By Tom Venzor
As a child, my understanding of the concept ‘trade’ was limited. Trade was something you did with baseball cards. If you were a knucklehead like me, you traded the baseball cards of your favorite athlete, Nolan Ryan, to your “girlfriend” for a handful of dimes. I can still hear echoes of my mom’s disappointment the moment I told her about this “brilliant” trade. Apparently, love is blind even at age 8.
As an adult, this concept of trade still predominates. Instead of baseball cards, I now trade ineffective football players for better football players to maximize fantasy points, so I can beat my father-in-law, Dan, in our next head-to-head fantasy football bout—all of this, of course, for bragging rights.
As a lobbyist at the legislature, my concept of trade has broadened. In some instances, senators might trade votes on an issue to gain support for another issue—some call this form of trading a compromise or the art of the deal or getting to ‘yes’ or, depending on the gravity of the issues involved, selling your soul. The concept of trade has also been present in discussions about human trafficking legislation. Trafficking involves the trade of a human being for a certain service, sometimes labor or sometimes sex—a practice universally condemned by any human being with the slightest sense of conscience.
Most recently, my concept of trade has once again been expanded—and as with human trafficking, not in a positive manner.
The New York Post recently published the following: “Last Wednesday, Lisa took drastic action, sitting down at her computer and writing a message: ‘Hello, we have been trying to give my child a sibling for three years… we want to complete our family with a son. We have a great quality female embryo. Would you like to consider a trade?’” Lisa posted these words to a Facebook group for couples using in vitro fertilization to obtain a child.
Though Lisa’s desire for another child is honorable, and her struggle with infertility is heartbreaking, Lisa’s understanding of the dignity of the human person is misguided. Unfortunately, Lisa’s attitude toward the human person—in this instance, her own daughter at the human developmental stage of an embryo—is all too commonplace in our modern culture which views the human person as a commodity to manufacture and dispose of as desired by whoever holds the power.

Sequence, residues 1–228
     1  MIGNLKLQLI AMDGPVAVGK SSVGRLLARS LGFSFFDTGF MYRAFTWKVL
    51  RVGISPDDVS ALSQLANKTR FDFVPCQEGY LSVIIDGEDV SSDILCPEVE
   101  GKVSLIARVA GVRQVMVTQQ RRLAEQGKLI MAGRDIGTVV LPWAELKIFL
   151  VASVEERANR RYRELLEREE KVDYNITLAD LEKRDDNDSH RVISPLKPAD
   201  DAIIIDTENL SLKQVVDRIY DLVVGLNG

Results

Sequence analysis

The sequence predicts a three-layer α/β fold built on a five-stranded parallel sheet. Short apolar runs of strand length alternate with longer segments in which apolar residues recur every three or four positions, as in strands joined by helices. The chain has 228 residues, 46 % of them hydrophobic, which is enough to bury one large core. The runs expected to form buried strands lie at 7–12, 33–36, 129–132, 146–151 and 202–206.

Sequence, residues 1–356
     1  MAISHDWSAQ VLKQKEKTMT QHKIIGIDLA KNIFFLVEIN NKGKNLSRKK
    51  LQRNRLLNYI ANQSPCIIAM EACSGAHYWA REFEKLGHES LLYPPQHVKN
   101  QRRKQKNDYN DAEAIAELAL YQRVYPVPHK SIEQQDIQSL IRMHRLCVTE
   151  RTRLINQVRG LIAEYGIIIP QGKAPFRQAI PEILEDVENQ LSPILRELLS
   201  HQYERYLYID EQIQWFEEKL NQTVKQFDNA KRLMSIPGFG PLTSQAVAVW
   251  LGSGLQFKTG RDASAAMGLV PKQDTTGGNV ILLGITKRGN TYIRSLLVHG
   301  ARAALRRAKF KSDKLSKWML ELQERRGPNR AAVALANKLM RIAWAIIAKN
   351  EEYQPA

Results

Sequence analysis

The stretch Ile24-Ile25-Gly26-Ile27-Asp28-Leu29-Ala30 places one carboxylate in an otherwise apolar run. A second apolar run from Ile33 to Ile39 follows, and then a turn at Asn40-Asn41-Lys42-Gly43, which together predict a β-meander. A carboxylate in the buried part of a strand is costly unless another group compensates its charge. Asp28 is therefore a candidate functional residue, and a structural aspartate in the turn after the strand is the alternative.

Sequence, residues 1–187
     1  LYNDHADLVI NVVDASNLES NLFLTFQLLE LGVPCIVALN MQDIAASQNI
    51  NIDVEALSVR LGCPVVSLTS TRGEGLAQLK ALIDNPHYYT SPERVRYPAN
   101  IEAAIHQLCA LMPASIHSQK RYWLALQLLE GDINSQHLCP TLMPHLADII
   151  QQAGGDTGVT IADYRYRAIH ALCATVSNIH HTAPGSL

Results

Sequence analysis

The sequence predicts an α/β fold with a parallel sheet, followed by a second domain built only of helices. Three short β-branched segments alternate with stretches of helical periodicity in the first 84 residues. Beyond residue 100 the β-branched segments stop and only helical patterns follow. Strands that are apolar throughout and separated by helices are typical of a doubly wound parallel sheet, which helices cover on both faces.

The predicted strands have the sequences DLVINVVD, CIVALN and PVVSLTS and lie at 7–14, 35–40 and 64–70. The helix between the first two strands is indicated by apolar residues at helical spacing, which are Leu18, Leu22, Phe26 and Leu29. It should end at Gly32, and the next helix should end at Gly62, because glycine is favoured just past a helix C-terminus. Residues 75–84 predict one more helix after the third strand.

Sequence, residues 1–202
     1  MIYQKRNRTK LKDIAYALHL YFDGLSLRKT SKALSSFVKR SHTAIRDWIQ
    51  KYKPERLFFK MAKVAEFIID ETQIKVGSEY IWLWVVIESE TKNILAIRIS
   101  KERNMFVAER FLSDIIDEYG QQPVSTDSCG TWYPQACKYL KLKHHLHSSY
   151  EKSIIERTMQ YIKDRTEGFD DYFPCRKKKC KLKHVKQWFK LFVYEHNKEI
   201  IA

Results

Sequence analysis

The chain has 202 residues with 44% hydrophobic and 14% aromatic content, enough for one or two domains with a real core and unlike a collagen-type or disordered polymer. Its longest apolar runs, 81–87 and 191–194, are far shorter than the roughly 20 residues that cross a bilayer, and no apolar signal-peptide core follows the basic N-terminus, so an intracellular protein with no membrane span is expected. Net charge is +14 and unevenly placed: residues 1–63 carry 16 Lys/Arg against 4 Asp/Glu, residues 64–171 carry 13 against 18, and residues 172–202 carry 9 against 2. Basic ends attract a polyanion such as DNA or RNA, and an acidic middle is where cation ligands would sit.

Even with her good intentions, Lisa’s view, to put it bluntly, is antithetical to the truth of creation. As the Second Vatican Council so beautifully taught in its Pastoral Constitution, Gaudium et Spes: “[M]an is the only creature on earth that God willed for itself.” In other words, the human person was not created to be used as an object—like a tool—by some other person for their desire or enjoyment. We were created imago Dei (in the image and likeness of God). We are endowed with a supreme dignity and worth, invaluable and irreplaceable. As a couple theologians have stated in their reflections of Saint John Paul II’s Theology of the Body: “In Eve, Adam saw a being created for her own sake, a child of God, a partner of the Absolute and therefore a true companion. And she saw him in the same way.”
But we—humanity—have fallen away from the vision God intends for us. Rather than living in a state of original justice—where we rightly understand our relationship with ourselves, each other, and all of creation—we fall prey to the evils of utilitarianism, consumerism, and nihilism. Commenting on the New York Post article, Carol Szczepaniak of the Nebraska Coalition for Ethical Research recognizes this loss of right relationship: “The fact that their embryo is made from [Lisa and her husband’s] combined DNA is not compelling enough to overcome their disappointment in its gender. This is how the new reproductive technologies turn embryos into economic products instead of human beings.”
As science continues to speed past ethics and the law, society will be faced with more stories like Lisa’s, creating incomprehensible damage to the human person that cannot be undone. Like playing cards and fantasy football players, lives will have been traded away, all for the wants and demands of their fellow man. This is a tragedy.
But Christ came to redeem tragedy.